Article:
(Updates with closing share price in third paragraph.)
Jan. 6 (Bloomberg) -- Liberty Global Plc is putting the final touches on an acquisition of Dutch broadband provider Ziggo NV as the cable company expands its European operations, according to people with knowledge of the matter.
Liberty Global, controlled by U.S. billionaire John Malone, and Ziggo aim to announce a friendly deal as early as the middle of this month, and are hammering out a final acquisition price and other terms, the people said, asking not to be identified discussing private negotiations.
Ziggo’s shares rose 3.6 percent in Amsterdam to 33.77 euros, valuing the company at about 6.75 billion euros ($9.2 billion).
Outstanding issues include determining whether Ziggo Chief Executive Officer Rene Obermann, a former CEO of Deutsche Telekom AG who started this month, will stay at the Dutch company if it is bought by Liberty, the people said. Liberty Global already owns about 30 percent of Ziggo, which it has gradually amassed. The companies are also discussing how to protect jobs once Ziggo’s operations are combined with Liberty Global’s existing Dutch unit, UPC, the people said.
Malone, with a net worth of about $7.3 billion according to the Bloomberg Billionaires index, has built a European cable and broadband empire through acquisitions in countries including the U.K. and Germany, taking advantage of rising demand for high- speed Internet and pay TV.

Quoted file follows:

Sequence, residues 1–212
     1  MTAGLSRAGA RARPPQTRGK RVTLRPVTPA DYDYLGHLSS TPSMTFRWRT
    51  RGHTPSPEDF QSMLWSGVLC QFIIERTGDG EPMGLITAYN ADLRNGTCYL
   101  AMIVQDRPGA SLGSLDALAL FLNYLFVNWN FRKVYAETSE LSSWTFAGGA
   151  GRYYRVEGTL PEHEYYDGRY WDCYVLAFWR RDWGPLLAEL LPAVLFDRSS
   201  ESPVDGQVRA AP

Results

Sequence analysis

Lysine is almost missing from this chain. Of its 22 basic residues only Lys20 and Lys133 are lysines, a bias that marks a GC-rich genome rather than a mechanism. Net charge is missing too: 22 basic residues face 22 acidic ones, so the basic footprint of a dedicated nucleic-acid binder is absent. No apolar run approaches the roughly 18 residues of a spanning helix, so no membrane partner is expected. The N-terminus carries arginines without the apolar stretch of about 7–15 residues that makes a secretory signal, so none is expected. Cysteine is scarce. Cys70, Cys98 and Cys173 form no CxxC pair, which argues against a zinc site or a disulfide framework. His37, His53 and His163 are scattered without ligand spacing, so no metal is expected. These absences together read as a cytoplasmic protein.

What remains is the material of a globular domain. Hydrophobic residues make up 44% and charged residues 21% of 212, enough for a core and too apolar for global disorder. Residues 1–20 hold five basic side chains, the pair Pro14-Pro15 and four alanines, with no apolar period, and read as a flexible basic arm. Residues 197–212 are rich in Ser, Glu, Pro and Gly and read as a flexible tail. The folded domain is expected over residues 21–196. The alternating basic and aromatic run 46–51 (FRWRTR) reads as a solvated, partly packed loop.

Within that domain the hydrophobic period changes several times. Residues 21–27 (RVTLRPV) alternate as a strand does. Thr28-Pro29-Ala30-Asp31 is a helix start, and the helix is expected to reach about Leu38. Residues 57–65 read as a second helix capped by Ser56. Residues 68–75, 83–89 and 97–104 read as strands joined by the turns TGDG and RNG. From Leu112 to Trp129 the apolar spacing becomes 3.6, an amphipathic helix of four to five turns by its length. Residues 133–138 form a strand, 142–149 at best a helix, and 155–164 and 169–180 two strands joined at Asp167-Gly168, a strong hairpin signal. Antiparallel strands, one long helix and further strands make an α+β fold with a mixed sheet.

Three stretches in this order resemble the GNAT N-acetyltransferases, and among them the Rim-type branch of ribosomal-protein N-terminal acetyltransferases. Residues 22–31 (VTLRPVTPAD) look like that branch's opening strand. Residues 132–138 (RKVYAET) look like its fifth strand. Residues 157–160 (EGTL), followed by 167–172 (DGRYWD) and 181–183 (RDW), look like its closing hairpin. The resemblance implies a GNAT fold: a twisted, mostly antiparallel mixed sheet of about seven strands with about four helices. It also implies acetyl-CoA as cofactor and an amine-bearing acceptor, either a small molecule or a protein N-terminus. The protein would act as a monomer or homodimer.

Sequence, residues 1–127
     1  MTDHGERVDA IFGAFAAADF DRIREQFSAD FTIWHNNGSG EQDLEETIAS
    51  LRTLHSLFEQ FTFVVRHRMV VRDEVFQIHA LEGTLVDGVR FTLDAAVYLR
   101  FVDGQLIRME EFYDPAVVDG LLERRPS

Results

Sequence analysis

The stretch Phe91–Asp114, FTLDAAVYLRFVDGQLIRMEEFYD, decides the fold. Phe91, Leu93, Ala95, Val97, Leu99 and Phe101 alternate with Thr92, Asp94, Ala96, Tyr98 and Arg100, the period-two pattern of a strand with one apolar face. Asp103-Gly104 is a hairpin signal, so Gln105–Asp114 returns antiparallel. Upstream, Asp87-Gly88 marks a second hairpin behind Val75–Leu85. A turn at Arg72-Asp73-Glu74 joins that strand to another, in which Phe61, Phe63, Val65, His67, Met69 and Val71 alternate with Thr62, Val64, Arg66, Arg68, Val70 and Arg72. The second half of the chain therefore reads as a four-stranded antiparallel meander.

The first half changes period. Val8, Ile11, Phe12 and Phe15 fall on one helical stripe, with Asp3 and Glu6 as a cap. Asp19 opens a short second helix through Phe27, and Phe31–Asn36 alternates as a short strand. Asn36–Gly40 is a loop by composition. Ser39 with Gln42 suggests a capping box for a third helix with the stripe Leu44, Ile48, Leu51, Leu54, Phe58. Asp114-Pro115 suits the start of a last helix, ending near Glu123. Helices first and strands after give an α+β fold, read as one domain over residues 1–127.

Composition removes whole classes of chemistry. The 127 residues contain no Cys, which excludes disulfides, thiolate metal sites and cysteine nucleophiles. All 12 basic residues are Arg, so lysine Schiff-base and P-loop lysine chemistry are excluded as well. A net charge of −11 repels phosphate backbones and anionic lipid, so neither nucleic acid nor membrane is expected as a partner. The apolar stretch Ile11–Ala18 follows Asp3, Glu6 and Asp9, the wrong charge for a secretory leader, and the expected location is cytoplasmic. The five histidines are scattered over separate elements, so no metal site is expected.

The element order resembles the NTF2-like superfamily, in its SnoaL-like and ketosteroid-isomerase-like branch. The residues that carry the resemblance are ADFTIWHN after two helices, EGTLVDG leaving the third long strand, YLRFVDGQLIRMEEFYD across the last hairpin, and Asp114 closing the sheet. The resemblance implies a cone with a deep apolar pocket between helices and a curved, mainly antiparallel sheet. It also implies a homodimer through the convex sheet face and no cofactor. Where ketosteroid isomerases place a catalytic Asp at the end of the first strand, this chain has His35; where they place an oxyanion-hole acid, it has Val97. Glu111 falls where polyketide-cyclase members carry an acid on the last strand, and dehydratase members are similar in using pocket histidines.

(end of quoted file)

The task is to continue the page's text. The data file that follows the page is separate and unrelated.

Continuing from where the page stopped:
Liberty Global last year bought Virgin Media Inc., a U.K. pay-TV provider, for about $16 billion, putting it in head-to- head competition with Rupert Murdoch’s British Sky Broadcasting Plc.
Ziggo’s stock may be worth 37 euros in a deal, Matthijs van Leijenhorst, an analyst at Kepler Cheuvreux in Amsterdam said on Dec. 12, meaning Malone would have to offer about 5.3 billion euros for the shares Liberty Global doesn’t already own.
Ziggo spokesman Martijn Jonker declined to comment on talks with Liberty Global and referred queries to a December press release the company issued that confirmed the negotiations.
Liberty Global spokesman Marcus Smith also declined to comment on the matter.
--With assistance from Kristen Schweizer in London. Editors: Mark Beech, Robert Valpuesta